This is a follow-up to an earlier post, which showed an example of two phylogenetic trees and three rooted phylogenetic networks. You can see them again in the figure below.
Each of the networks N1, N2 and N3 displays the two trees T1 and T2 (and no other trees). Thus, it is impossible to decide which of the three networks is correct. The question was asked whether this is a fundamental limitation of rooted phylogenetic networks (a.k.a. hybridization networks).
Let's first draw the networks such that each reticulation is an instantaneous event between two coexisting taxa. To do so, networks N2 and N3 need an additional taxon x, which could be an extinct taxon or just a taxon that has not been sampled.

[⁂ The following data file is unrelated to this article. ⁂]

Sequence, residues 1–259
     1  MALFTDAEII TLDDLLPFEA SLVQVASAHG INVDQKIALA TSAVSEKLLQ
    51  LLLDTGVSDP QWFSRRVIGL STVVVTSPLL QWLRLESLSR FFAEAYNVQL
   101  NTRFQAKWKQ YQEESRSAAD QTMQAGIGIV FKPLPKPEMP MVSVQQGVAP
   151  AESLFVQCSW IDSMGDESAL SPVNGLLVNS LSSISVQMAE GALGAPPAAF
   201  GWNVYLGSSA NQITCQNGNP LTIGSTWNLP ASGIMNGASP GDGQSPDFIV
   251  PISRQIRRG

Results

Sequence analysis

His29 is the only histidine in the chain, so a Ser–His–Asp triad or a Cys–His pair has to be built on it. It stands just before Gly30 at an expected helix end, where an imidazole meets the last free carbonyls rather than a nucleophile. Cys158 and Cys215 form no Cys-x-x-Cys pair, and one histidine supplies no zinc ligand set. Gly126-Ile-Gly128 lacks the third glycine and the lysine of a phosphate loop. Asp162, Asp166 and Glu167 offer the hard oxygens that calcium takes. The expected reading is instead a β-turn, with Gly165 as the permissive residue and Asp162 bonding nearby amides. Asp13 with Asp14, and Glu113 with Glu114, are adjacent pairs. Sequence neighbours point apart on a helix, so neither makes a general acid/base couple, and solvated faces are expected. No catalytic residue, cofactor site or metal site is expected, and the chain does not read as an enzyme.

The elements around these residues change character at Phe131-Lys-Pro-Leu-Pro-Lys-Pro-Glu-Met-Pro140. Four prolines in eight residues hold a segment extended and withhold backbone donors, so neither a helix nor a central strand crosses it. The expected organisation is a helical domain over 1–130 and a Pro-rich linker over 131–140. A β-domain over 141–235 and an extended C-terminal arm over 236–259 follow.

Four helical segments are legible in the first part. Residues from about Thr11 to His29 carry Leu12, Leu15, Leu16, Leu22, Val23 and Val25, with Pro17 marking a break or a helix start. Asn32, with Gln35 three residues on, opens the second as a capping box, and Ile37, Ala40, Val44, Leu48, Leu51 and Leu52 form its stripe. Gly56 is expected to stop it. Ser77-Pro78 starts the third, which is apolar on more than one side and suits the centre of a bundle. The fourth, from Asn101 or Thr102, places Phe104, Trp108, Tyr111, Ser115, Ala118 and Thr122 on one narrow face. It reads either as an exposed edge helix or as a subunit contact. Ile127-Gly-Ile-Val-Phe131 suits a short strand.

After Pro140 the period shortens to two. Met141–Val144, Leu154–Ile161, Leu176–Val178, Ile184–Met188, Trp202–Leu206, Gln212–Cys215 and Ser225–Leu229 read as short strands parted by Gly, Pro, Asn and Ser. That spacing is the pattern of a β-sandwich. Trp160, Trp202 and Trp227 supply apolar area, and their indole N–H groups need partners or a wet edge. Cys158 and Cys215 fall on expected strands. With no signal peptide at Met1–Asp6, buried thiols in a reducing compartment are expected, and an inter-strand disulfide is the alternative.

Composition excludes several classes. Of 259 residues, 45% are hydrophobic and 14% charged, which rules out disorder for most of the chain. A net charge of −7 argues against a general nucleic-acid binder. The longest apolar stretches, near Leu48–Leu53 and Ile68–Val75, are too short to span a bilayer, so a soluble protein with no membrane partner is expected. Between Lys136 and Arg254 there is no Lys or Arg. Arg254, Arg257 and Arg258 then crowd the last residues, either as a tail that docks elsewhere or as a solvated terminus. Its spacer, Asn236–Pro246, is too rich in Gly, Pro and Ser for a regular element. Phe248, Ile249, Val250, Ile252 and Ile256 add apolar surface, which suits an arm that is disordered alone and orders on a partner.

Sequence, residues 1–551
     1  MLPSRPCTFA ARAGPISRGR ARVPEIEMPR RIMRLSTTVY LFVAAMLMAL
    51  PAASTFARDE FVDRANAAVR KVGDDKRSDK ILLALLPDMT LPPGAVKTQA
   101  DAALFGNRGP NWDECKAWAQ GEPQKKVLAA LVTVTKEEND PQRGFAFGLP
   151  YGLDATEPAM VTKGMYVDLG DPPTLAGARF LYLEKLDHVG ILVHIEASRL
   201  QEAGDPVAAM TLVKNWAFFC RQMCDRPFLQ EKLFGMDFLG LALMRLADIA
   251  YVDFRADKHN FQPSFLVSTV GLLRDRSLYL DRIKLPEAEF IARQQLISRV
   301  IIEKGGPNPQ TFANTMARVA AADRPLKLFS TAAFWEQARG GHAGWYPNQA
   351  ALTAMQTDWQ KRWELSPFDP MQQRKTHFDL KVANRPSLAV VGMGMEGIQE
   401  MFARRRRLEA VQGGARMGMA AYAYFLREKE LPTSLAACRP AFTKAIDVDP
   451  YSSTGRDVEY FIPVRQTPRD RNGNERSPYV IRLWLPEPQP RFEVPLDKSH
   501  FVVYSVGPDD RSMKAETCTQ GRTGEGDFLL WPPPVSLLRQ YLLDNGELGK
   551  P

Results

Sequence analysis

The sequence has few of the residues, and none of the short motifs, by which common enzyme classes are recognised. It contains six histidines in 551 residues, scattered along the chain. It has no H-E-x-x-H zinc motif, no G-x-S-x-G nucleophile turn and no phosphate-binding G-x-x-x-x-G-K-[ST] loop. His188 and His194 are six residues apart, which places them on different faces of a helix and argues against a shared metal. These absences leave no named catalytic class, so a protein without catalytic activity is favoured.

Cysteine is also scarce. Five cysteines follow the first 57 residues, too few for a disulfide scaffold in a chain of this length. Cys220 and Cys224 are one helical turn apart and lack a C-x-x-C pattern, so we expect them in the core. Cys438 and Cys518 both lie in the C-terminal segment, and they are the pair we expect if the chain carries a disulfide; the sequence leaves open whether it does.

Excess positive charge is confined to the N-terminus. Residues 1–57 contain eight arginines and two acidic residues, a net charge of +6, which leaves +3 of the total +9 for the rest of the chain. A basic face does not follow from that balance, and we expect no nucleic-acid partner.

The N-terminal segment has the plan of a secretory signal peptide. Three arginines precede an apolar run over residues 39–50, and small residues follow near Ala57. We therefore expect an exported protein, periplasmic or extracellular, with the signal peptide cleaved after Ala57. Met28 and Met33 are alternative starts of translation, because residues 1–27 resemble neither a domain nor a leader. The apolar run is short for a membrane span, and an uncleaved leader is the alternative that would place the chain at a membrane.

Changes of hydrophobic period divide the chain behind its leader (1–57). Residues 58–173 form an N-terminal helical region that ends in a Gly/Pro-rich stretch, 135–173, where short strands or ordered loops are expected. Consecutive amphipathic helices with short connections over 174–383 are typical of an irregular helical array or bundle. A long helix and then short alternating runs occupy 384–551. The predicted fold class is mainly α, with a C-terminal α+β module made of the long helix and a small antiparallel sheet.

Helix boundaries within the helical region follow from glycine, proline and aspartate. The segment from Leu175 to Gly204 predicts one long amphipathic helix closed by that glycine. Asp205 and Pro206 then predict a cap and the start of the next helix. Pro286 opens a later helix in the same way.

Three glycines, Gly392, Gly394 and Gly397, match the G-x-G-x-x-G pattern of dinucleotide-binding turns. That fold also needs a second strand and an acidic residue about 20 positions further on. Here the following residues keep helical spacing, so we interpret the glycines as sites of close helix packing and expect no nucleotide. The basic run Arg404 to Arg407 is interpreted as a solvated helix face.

I've specified a length for each edge of each network and have given corresponding edge lengths to the trees. The values of the edge lengths in the networks have been chosen rather arbitrarily, and are not important for the discussion below.
What is important is that, when you take the edge lengths into account, it is easy to decide which of the three networks should be chosen. N1 should be chosen if the roots of T1 and T2 have the same age, N2 should be chosen if the root of T1 is older and N3 if the root of T2 is older. The reason is the following. In network N1, the roots of T1 and T2 both coincide with the root of the network. This contrasts with network N2, where the root of T2 is a proper descendant of the root of T1 and with network N3, in which the root of T1 is a proper descendant of the root of T2.
We can conclude that the above example shows an important challenge but not a fundamental limitation of rooted phylogenetic networks. When taking edge lengths into account, it is indeed possible to uniquely reconstruct the network (at least in this case).